July 18

Episode 039 – Agile Procurement – Kanban

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In this 3rd and last part of our series, we cover KANBAN

Episode Highlights

  • KANBAN is a task management approach originally invented by the Toyota Motor Company
  • For procurement, Kanban or a Kanban board is a great tool to organize workload
  • The core component of Kanban is the Kanban board
  • In its simplest form this board has three columns
    • The BACKLOG column
      • this is where all new tasks land
    • The IN PROGRESS column
      • this is where tasks from the BACKLOG are put once someone starts working on it
    • THE DONE or COMPLETED column
      • this is where finished or deployed items go
    • in software or product development there is often also a TESTING column
      • here is where the product or item gets tested before it moves to the COMPLETED column
  • Once again, as in the previous two parts of this series, the items we move around are user stories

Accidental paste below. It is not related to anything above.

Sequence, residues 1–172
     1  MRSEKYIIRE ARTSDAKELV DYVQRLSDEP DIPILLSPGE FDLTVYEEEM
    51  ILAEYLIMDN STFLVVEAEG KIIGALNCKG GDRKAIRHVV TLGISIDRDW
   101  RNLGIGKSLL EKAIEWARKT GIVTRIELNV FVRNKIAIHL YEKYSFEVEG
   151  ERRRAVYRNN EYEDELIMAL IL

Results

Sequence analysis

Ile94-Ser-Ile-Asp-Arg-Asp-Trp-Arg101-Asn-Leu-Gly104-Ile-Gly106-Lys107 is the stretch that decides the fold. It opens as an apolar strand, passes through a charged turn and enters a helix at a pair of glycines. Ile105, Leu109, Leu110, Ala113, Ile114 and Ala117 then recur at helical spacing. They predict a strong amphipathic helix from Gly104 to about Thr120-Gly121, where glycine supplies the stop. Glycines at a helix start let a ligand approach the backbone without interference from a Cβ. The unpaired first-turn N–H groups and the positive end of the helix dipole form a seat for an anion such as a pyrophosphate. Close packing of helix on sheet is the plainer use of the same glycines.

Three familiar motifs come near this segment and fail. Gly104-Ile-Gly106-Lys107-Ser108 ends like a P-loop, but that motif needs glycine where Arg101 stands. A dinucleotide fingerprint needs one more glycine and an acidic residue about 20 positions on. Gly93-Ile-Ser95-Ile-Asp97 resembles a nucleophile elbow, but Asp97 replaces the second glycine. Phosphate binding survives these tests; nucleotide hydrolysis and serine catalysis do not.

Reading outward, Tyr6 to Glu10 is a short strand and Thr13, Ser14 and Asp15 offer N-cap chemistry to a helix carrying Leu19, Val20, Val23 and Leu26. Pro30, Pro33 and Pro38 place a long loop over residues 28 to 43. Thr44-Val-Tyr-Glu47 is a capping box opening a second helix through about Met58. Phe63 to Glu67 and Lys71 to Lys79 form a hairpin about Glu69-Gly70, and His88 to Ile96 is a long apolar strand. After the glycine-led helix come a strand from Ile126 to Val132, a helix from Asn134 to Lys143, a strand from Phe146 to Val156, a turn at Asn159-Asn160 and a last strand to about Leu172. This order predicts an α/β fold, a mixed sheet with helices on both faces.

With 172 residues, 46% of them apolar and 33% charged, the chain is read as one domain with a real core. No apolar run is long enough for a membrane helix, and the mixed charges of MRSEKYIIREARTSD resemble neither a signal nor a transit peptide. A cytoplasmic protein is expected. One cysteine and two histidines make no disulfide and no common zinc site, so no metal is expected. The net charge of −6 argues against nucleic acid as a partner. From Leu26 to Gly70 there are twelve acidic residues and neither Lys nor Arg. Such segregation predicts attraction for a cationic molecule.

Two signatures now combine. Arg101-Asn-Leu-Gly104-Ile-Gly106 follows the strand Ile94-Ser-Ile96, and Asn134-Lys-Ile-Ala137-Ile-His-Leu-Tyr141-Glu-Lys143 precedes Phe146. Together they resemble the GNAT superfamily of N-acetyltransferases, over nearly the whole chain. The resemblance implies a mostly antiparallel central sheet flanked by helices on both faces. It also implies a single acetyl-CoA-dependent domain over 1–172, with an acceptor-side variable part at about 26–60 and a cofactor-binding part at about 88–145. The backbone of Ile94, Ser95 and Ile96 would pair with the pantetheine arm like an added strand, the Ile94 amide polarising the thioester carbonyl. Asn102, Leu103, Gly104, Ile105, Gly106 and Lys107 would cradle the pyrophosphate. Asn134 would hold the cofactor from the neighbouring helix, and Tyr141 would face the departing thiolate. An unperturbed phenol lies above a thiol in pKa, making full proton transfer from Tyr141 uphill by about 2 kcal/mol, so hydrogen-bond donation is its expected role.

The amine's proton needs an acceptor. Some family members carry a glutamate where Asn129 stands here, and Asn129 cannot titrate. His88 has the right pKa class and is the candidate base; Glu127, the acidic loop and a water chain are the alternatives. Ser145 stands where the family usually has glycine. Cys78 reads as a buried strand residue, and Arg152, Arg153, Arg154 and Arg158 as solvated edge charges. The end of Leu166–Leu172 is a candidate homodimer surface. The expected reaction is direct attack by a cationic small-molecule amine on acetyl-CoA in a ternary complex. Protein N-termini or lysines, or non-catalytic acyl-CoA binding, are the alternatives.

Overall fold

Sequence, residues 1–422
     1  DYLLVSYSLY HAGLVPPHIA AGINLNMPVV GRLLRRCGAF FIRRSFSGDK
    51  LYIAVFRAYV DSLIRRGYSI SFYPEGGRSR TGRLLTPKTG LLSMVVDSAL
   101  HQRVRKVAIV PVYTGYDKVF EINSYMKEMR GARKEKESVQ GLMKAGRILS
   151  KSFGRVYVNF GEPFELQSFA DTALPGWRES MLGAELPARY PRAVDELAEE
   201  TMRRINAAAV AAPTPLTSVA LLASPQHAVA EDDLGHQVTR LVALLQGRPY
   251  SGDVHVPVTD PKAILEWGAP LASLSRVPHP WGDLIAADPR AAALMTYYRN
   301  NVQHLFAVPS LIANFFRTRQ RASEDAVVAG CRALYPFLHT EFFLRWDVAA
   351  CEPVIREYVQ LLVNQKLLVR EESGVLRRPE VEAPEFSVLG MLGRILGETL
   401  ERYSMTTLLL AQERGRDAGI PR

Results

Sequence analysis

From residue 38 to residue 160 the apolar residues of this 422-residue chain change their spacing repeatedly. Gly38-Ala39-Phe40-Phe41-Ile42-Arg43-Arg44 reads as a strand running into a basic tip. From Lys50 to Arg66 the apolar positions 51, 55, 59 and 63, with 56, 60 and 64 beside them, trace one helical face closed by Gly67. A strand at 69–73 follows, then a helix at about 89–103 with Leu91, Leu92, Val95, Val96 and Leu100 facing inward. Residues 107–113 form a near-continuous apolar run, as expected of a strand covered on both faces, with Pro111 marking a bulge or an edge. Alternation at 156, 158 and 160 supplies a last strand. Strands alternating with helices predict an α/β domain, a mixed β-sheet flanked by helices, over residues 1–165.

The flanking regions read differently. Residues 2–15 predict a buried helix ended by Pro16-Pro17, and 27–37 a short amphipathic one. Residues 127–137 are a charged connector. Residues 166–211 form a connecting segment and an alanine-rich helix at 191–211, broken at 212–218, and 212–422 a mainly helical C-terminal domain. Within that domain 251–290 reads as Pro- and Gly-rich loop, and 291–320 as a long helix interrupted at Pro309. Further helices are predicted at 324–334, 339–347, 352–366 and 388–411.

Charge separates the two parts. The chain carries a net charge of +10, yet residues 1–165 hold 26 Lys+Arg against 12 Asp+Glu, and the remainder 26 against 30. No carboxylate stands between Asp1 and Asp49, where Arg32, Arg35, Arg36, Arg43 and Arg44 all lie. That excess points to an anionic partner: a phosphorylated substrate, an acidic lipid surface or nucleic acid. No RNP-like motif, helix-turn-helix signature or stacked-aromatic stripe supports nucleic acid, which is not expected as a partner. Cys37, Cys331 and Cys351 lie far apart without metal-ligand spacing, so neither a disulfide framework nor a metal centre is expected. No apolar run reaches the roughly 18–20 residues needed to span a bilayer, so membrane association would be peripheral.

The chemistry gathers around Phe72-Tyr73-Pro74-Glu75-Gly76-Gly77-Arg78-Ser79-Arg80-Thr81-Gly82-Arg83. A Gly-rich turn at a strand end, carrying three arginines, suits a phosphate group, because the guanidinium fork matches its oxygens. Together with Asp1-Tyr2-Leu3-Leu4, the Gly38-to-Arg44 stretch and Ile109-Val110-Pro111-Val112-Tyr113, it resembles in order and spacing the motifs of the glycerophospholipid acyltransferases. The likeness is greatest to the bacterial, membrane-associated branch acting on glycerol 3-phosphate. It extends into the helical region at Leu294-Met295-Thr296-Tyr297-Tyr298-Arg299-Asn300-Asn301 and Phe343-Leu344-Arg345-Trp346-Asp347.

• in our procurement life, this would be demands
  • One important improvement over the previous methods is that both, user stories and the columns have capacities attached to them
    • a project user story or demand might take 20 days to complete
    • each column also has the max capacity of a person or group
  • this gives us a good indication, if we are running out of capacity
  • Let's see this in practice for a group of 5 buyers in a procurement department
    • assuming an 80% capacity for negotiation tasks this would give us a capacity of 80 days per month for the group
    • 5 buyers times 5 days per week times the 80% capacity times 4 weeks per month
    • let's assume we have 4 demands we're currently working on:
      • demand 1: 25 days
      • demand 2: 10 days
      • demand 3: 30 days
      • demand 4: 5 days
    • these demands will go from the BACKLOG to the IN PROGRESS column
    • now a new demand pops up with a required capacity of 10 days
      • we could still do that because we have that capacity
    • but it's a different story for a demand that would require 30 days
      • it violates our maximum capacity threshold
      • we need to openly discuss with our stakeholders, that this is not possible to execute right away
      • it could also be used to discuss a temporary extension of our team with our managers
    • one closing point on this great system that it works best, if you have a publically available Kanban board
    • this could be a virtual tool but best - from my experience - is a physical whiteboard with user stories as cards on it
    • transparency is key when it comes to sharing with your organization who is working on what
  • Resources


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